Latin America’s Commercial Fleet Expected to Double by 2034

Both Boeing and Airbus have released their long term forecasts of passenger and cargo traffic, as well as regional-jet manufacturers, Bombardier and Embraer. Routesonline are taking a look at the long term forecasts to assess the potential outlook for each region over the next 20 years.

Both Boeing and Airbus have released their long term forecasts of passenger and cargo traffic, as well as regional-jet manufacturers, Bombardier and Embraer. Routesonline are taking a look at the long term forecasts to assess the potential outlook for each region over the next 20 years.

In Latin America, aviation is a key component of growth as it facilitates trade, travel and tourism while promoting globalisation and technology development. Economic growth in Central America is expected to average 5.6 percent over the next five years, led by Panama, according to Boeing.

Five-year growth rates for the region’s two largest economies – Brazil and Mexico are expected to reach 3.8 percent and 2.3 percent respectively.

Boeing has forecast a total of 3,020 new airplanes to be delivered to the region over the next twenty years, a huge 84 percent of which are expected to be single aisle aircraft. Small widebody aircraft are expected to make up a further ten percent, while regional jet deliveries are expected to hit 5 percent over the same period. Medium widebody aircraft are therefore expected to make up 1 percent of deliveries between 2015 and 2034, while large widebody aircraft are not expected to feature in deliveries at all.

Airbus has predicted a 20-year growth of 5.2 percent for the Latin American region. Its Revenue Passenger Kilometres (RPK) stood at 5 percent in 2014, and is expected to increase by 1 percent to 6, by 2034.

The region’s commercial fleet is projected to more than double between now and 2034 – from nearly 1,500 airplanes today to more than 3,600, according to Boeing. The majority of the single aisle aircraft deliveries reflect the continued growth of low-cost carriers and further expansion of networks within Latin America and the Caribbean.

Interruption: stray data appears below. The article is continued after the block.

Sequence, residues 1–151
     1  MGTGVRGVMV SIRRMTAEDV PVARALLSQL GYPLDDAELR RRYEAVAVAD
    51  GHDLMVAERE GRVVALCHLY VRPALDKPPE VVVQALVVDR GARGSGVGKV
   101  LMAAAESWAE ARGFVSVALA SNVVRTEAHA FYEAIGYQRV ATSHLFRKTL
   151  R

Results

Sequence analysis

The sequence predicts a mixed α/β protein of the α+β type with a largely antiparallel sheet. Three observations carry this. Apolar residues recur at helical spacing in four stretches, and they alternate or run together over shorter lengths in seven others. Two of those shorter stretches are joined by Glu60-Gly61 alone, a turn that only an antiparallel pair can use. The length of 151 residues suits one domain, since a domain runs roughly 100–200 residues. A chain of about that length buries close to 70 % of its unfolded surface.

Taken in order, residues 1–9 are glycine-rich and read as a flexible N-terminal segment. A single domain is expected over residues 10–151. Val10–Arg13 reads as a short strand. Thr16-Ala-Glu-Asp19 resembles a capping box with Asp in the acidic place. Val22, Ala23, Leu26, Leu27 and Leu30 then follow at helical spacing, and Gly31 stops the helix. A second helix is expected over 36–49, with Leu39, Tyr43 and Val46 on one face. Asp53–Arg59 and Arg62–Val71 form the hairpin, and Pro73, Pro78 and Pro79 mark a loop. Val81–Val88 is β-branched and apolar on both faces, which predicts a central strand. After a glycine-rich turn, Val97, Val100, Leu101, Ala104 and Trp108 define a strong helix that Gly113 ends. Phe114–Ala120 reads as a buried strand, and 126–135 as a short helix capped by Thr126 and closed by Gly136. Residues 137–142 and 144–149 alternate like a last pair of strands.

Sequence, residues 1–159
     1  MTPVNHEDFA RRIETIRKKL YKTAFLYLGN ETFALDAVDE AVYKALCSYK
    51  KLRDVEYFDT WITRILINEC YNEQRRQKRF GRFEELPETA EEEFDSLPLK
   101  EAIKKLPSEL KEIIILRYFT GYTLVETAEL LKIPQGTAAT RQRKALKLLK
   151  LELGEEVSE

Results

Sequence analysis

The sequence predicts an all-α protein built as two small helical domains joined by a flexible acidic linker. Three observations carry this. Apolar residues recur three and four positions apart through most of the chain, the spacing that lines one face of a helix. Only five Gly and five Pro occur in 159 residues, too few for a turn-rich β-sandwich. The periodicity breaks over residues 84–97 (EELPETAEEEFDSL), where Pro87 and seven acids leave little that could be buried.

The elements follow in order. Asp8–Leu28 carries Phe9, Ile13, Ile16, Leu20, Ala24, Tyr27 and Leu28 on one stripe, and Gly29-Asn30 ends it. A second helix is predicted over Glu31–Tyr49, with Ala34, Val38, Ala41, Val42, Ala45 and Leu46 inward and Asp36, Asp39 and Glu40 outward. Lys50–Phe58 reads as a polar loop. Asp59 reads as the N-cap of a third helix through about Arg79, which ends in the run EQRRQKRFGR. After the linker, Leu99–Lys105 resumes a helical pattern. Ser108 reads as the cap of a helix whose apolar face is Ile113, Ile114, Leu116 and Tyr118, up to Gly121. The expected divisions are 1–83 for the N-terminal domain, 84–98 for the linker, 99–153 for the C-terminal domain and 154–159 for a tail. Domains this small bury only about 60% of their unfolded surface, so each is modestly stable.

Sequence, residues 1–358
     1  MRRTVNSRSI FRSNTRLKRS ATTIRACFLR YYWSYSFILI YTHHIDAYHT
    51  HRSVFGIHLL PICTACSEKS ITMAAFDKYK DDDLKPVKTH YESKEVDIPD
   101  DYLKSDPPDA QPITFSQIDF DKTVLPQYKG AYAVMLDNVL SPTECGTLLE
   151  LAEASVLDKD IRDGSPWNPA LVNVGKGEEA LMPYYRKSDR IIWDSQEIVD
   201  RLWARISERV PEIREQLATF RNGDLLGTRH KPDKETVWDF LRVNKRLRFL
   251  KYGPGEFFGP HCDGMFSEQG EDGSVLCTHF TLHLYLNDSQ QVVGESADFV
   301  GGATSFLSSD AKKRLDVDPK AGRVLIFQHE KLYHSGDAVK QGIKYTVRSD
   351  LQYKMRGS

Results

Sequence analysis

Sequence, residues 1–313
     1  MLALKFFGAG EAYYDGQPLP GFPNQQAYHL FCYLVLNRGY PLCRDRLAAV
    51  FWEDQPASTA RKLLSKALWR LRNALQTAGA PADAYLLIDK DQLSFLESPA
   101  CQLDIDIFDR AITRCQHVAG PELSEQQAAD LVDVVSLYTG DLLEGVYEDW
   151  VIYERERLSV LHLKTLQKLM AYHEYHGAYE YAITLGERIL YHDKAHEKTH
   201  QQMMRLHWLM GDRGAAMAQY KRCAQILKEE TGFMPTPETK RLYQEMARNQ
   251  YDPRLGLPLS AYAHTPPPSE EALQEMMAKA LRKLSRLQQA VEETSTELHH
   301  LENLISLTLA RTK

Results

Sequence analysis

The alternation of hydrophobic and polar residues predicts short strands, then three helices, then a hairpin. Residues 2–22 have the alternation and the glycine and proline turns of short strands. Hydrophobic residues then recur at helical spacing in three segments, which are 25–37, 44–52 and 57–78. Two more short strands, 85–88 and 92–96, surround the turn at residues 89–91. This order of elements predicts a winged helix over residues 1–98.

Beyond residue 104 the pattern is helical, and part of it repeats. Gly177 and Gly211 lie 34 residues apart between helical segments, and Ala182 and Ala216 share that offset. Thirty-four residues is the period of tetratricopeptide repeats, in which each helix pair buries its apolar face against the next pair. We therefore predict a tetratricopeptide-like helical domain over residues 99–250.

In terms of business and regional aircraft, Embraer has predicted that Latin America will require a total of 720 aircraft in the 70 to 130-seat sector – an 11 percent share worldwide. The region is expected to receive 270 aircraft in the turboprop segment and 1,720 aircraft in the 130 to 210- seat segment over the next 20 years.

Along with the emergence of the middle class, new investments in aviation infrastructure and regional integration will shape the way air transport will grow in the coming years, according to Embraer. Among other investments, the Brazilian government has announced a plan to expand regional aviation with the goal of having 95 percent of the population accessing regular air services within 100km.

Bombardier on the other hand has predicted a total of 850 aircraft deliveries within the Latin American region over the next ten years, valued at $24 billion. According to the aircraft manufacturer, Brazil and Mexico account for 60 percent of the regional fleet, in a relatively mature market for business aviation.

Light and medium aircraft delivery is expected to account for 75 percent of deliveries to the region, valued at $20 billion combined, while light aircraft deliveries make up the remaining 40 percent.

Passenger traffic growth for Latin America and the Caribbean is forecast to average 6 percent per year over the next 20 years with the fastest growth expected within intraregional flows, according to Boeing. Traffic within Latin America is forecast to average 6.6 percent per year through to 2034.

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